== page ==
When the lights go down and the movie starts, it’s impossible not to feel captivated by the two black bars bordering the left and right of Robert Eggers’ new film The Lighthouse. For modern viewers used to the 4:3 of television and computer monitors, the 1.43:1 of IMAX cameras, and perhaps an occasional widescreen (depending on their familiarity with Quentin Tarantino or Lord of the Rings Blu-rays), the stark 1.19:1 aspect ratio of The Lighthouse might feel a fearful revelation. And indeed, the jagged 35mm black-and-white cinematography makes the film one of the most visually striking of 2019. But to many, those black bars will be either a delight, a prison, or a distraction.
The bars will be a delight for film lovers and historians for whom the ratio inspires memories of cinema’s adolescence; memories of Movietone and M (1931), of an art form in spastic transition from silence to sound in the twenties and thirties. Conscious of communion with these interwar classics, Eggers mimics many visual motifs and techniques of Sternberg, Lang, and Clair. Rigorous symmetry, geometric camera movements, frames tyrannized by impenetrable negative space. The antiqueness of the aspect ratio begs easy comparisons to even earlier silent films, particularly the somnambulant phantasms of the German Expressionists. Stories are told of shadows and light beams physically painted onto the sets of these Weimar nightmares by Murnau, Wiene, Wegener, and indeed many scenes in The Lighthouse look like Eggers covered his sets and actors with black pitch. Visually, the film is more than an evocation of earlier cinema, it’s a shamanic trance in direct communication with it.
For others, the bars will be a prison, physically squeezing the frame together in a vice, heightening the claustrophobia of Eggers’ story. The film follows two nineteenth century “wickies”—or “lighthouse keepers” for you landlubbers—who arrive on a desolate island in the Atlantic for a four-week shift and slowly succumb to madness. The eldest, the irascible Thomas Wake (Willem Dafoe), is a life-long sea dog retired from sailing after a terrible leg injury. Well-versed in all the magics and superstitions of the trade—never leave a toast unfinished, never kill a sea bird—he hordes the nighttime for himself, locking himself in the lantern room every evening to keep his midnight watch. The youngest, newcomer and inveterate drifter Ephraim Winslow (Robert Pattinson), chafes under Wake’s tyranny and, eventually, the inescapable isolation of his post. After discovering a mermaid charm in his mattress upon first arriving, he starts having intensely sexual hallucinations of scaly sirens, slippery tentacles, and a man he may or may not have killed in his last job logging in British Columbia. These visions eat away at his mind until they draw Thomas in as well, plunging them into a love-hate foil à deux, cursing and attacking each other one moment then caterwauling together dead drunk the next. When a hurricane prevents their shift relief from reaching them at the end of their month, Thomas and Ephraim fall into a murderous fever dream where their identities, sexualities, and neuroses intertwine and self-destruct.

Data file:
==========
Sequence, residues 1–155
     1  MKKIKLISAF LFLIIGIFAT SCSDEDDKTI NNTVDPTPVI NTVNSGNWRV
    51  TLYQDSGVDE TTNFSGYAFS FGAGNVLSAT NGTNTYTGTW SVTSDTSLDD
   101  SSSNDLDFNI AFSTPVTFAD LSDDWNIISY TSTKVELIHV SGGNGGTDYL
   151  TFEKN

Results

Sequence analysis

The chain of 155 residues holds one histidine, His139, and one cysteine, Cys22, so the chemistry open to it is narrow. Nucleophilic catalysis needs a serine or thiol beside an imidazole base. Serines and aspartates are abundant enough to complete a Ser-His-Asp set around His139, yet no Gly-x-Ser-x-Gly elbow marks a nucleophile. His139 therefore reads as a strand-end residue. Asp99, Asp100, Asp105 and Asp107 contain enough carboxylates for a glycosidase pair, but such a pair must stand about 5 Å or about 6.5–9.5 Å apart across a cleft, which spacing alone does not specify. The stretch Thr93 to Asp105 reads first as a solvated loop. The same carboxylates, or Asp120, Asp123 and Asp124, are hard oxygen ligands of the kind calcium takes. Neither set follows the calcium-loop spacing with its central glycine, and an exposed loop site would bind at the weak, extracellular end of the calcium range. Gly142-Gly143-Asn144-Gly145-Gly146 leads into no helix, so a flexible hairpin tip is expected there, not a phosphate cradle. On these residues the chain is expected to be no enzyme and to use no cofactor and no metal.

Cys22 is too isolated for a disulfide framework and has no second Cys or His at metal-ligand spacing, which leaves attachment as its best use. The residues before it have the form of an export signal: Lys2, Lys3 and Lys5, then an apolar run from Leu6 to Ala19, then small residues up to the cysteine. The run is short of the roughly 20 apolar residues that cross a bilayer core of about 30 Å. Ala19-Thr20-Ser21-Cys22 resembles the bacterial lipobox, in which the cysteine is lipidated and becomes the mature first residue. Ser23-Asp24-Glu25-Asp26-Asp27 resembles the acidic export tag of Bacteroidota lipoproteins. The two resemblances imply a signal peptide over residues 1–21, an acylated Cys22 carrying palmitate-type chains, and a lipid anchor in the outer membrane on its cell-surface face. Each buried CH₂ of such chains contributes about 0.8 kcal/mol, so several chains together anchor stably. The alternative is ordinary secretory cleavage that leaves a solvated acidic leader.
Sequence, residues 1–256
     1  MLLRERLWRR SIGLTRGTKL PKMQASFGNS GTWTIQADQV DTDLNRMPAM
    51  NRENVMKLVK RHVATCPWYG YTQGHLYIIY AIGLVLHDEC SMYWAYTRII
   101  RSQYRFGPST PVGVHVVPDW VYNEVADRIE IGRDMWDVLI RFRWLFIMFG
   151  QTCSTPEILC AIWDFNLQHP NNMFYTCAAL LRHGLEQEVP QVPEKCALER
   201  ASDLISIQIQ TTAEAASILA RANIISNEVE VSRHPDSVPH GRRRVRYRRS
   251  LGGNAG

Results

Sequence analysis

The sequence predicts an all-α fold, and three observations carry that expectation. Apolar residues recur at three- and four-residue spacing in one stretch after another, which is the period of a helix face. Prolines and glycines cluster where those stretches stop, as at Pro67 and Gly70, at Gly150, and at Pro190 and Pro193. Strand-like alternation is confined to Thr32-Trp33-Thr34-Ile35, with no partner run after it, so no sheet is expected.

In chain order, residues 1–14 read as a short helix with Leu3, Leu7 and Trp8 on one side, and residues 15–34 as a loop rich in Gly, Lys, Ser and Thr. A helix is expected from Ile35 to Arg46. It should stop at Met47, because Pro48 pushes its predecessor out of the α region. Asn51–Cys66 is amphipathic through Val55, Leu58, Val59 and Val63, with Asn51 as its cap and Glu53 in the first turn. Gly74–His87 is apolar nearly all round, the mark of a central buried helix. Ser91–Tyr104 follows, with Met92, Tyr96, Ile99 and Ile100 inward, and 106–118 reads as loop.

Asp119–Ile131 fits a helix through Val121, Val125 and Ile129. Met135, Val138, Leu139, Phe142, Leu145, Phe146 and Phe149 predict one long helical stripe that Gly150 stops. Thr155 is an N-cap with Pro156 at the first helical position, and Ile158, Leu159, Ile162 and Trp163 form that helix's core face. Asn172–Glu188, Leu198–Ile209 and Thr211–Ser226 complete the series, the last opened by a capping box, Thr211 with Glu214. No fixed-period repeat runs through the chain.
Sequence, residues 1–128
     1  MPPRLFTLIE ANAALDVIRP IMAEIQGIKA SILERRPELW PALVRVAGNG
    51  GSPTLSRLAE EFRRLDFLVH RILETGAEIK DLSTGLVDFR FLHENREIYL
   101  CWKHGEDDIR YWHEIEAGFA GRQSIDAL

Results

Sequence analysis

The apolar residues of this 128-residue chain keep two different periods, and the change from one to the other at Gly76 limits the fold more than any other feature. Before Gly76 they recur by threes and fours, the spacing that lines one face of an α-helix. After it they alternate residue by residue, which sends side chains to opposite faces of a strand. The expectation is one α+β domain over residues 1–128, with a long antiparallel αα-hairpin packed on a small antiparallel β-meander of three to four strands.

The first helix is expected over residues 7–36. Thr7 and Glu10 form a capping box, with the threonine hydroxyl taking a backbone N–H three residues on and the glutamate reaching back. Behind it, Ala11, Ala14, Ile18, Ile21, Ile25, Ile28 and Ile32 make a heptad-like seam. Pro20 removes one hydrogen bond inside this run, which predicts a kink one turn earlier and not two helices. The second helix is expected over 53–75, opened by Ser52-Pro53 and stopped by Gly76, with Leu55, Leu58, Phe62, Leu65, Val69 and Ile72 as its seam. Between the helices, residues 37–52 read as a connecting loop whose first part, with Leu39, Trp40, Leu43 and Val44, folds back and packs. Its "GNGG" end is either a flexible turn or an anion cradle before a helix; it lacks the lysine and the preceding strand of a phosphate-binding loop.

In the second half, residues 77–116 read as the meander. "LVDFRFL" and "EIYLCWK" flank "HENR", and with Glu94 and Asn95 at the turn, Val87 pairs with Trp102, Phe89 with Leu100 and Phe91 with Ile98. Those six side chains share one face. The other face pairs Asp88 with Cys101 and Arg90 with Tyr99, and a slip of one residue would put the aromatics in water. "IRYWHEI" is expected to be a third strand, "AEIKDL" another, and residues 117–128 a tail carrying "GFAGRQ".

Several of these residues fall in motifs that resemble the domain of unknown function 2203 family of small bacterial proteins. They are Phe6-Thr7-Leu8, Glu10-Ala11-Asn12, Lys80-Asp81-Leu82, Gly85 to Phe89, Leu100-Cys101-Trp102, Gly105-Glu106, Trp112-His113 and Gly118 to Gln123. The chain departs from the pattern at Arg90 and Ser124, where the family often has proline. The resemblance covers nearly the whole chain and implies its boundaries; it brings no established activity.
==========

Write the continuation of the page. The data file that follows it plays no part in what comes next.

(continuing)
But others will identity the bars for what they truly are—a distraction that tricks the audience into thinking they’re watching something deeper, more clever, and more frightening then they really are. The 1.19:1 aspect ratio gives The Lighthouse the weight and import of “serious art,” that most infuriating subsection of cinema where charlatans mask their shortcomings as artists with ponderous appeals to intellectual esotericism. Put simply, the film isn’t bad, we just didn’t get it, man! And there is a lot to not get. After a scintillatingly austere first hour of perfectly paced, immaculately acted and shot filmmaking, the whole endeavor collapses under the weight of Eggers’ go-nowhere symbolism and meaningless mythological references. Ephraim gets equated alternatively with Sisyphus and Prometheus (to what end?), Captain Ahab gets name-dropped (wasn’t that book an out-of-print flop in that century?), and a plot point from Coleridge’s The Rime of the Ancient Mariner takes center stage more than once (though it gets almost completely forgotten after the first act). Ephraim’s visions, at first sparse and disturbing, become campy and ridiculous, climaxing (pun not intended) with a ridiculous scene of him having sex with a mermaid version of Thomas that might’ve worked in a differently toned film but not in this one. Near the end when one character walks the other around the island on a leash like a dog, we don’t feel afraid or disturbed but hysterically incredulous. Even the performances eventually fall apart—Dafoe transmogrifies into a Looney Tunes character and Pattison modulates through half a dozen different accents, sometimes in the space of a single scene. Eggers’s madness has too little method behind it; it might captivate some purely for its weirdness, but it stands little chance of standing the test of time.